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by Bridget Boakye, at 10:03 am, March 13, 2018, Women

[Poetic Attack] ‘For My Mother in Her Mid-90s’ by forebearer Ama Ata Aidoo

As we celebrate Women’s History Month, it is important to celebrate women writers who paved the way for many of the contemporary writers we have featured in this series. One such woman is Ama Ata Aidoo. The decorated Ghanaian author, poet, playwright and academic was the first published African woman dramatist with her first play, The Dilemma of a Ghost, in 1964.

In her lyrically powerful poem, For My Mother in Her Mid-90s, Aidoo speaks to an observing reader about the complexity of her relationship with her mother, which is at once familiar, warm, and still highly revered. Although Aidoo calls her mom “Aunt” due to some long histories, further complicated by the impact of colonialism, she knows intimately that this is the woman who gave her life, writing, “who was I to live? Then she who bore me?”.

You can taste the depth of gratitude Aidoo has for having experienced such a long life with her mother, having herself become a mother who has her own complex relationship with her children. What a blessing this must be! Aidoo concludes by thanking her mother deeply, alluding to the fact that she carries the name of her mother on the tip of her tongue, bringing her in conversation private and public.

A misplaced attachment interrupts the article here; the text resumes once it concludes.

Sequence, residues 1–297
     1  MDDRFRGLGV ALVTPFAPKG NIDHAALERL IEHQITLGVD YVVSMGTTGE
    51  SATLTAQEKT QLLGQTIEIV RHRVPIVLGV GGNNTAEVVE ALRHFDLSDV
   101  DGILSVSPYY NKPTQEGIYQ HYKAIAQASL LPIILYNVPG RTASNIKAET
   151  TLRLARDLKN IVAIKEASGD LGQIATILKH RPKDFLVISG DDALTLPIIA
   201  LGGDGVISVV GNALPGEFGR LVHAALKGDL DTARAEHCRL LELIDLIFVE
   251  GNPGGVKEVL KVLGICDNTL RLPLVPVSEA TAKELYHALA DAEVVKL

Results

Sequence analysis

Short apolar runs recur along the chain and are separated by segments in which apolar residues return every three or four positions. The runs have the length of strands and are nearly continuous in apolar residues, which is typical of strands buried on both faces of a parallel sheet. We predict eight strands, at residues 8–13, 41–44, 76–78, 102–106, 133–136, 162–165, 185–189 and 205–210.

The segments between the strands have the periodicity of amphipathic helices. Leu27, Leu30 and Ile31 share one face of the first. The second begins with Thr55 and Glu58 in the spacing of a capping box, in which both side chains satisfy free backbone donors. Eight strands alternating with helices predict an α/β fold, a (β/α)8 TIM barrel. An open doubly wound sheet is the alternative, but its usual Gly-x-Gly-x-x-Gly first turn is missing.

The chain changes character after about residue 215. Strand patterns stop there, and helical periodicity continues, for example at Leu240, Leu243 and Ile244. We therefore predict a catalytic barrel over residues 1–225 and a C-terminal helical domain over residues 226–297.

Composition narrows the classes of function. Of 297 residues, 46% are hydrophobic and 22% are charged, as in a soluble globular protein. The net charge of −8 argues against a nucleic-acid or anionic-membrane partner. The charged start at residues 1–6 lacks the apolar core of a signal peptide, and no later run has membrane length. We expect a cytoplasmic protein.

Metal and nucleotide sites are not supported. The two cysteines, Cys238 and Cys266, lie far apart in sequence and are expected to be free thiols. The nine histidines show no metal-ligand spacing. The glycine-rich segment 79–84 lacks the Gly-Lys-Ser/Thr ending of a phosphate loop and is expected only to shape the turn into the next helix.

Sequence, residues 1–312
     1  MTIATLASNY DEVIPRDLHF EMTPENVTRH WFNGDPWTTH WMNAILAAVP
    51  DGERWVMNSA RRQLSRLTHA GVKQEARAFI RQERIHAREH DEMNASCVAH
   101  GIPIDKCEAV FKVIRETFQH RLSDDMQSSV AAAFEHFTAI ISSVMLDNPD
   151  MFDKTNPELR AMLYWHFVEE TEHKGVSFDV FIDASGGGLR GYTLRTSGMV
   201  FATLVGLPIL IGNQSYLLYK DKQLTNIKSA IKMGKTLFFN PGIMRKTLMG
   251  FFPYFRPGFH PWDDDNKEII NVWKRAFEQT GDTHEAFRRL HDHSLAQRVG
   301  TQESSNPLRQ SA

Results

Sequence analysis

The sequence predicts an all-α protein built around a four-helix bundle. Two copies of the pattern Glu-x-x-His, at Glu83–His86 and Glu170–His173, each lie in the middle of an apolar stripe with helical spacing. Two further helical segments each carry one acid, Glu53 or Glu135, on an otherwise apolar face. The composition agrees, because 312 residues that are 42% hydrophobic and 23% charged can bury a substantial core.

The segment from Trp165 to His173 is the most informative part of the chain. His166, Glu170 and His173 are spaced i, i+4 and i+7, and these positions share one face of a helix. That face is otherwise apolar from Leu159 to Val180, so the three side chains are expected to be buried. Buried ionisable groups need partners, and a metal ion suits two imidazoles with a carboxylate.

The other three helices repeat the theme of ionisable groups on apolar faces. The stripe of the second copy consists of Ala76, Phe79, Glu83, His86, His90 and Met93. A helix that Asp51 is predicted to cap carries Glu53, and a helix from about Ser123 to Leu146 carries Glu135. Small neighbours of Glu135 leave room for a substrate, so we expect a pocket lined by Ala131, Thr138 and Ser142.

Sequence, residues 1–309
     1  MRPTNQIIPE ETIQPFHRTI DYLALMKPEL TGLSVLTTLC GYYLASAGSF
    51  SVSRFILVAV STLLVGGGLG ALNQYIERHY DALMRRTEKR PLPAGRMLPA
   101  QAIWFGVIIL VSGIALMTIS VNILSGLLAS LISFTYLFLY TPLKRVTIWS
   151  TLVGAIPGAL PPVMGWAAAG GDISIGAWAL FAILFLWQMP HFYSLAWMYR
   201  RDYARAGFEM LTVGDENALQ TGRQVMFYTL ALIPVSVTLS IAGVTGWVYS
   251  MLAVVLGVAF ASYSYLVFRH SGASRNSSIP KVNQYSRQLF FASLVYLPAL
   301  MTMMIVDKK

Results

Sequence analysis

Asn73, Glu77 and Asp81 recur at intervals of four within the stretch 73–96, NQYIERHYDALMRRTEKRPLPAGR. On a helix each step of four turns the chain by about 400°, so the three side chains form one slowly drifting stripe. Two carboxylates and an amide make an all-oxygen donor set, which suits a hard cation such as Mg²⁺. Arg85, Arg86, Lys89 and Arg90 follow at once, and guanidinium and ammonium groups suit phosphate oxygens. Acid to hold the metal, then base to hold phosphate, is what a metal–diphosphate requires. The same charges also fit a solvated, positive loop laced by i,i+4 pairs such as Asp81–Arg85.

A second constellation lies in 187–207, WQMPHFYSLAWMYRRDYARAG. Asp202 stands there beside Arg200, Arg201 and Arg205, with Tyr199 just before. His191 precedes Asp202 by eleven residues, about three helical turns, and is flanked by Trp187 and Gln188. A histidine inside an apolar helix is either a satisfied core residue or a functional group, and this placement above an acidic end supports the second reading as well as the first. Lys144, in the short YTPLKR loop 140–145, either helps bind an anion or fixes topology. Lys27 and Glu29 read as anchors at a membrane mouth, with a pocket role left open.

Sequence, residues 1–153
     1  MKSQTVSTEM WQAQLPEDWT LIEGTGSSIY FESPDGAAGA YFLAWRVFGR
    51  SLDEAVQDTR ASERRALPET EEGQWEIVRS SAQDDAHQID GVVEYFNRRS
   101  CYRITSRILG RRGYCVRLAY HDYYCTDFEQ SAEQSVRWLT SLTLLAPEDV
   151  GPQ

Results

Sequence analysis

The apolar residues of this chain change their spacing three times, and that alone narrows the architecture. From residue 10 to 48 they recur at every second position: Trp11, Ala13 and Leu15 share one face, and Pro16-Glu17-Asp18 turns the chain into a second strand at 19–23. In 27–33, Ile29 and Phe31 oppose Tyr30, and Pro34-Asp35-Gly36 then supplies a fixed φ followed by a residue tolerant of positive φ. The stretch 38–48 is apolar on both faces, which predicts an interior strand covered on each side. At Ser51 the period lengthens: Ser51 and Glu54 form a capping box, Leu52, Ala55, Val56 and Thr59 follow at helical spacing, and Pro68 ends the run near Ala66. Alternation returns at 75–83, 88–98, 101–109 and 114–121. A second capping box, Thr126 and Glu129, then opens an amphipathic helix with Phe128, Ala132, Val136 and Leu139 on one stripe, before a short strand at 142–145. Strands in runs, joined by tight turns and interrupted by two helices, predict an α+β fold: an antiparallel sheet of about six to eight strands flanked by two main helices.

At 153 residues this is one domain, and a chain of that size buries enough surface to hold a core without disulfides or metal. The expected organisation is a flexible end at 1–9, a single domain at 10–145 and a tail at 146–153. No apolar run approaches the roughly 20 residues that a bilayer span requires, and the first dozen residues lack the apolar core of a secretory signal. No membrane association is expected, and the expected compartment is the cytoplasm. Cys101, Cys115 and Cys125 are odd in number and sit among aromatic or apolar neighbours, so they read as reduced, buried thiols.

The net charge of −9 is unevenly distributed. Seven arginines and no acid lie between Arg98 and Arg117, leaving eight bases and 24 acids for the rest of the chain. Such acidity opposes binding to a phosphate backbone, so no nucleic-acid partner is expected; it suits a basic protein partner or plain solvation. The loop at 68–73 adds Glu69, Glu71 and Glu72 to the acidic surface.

Check out Ama Ata Aidoo’s metaphor-laden ode to her mother below, and be sure to share your understanding of it as well.

For My Mother in Her Mid-90s

Aunt.

Don’t ask

me how

I come to address my mother thus.

 

Long

complex, complicated stories:

heart-warmingly familial and

sadly colonial.

 

You know how

utterly, wonderfully

insensitive the young can be?

 

Oh no. We are not here talking adults

who should know better

but never do.

 

Aunt,

I thank you for

being alive today, alert, crisp.

 

Since we don’t know tomorrow,

see me touching wood,

clutching at timbers, hugging forests:

 

So I can enter young,

age, infirmities

defied.

 

Hear my offspring chirping:

“Mummy, touch plastic,

it lasts longer!”

 

O, she knows her mama well.

The queen of plastics a tropical Bedouin,

she must travel light.

 

Check out the wood,

feel its weight, its warmth

check out the beauty of its lines, and perfumed shavings.

 

Back to you, My Dear Mother,

I can hear the hailing chorus

at the drop of your name.

And don’t I love to drop it

here, there, and everywhere?

Not missing out by time of day,

not only when some chance provides,

but pulled and dragged into talks

private and public.

 

Listen to the “is-your-mother-still-alive” greeting,

eyes popping out,

mouth agape and trembling:

 

That here,

in narrow spaces and

not-much-time,

who was I to live?

Then she who bore me?

 

Me da ase. 

Ye de ase.

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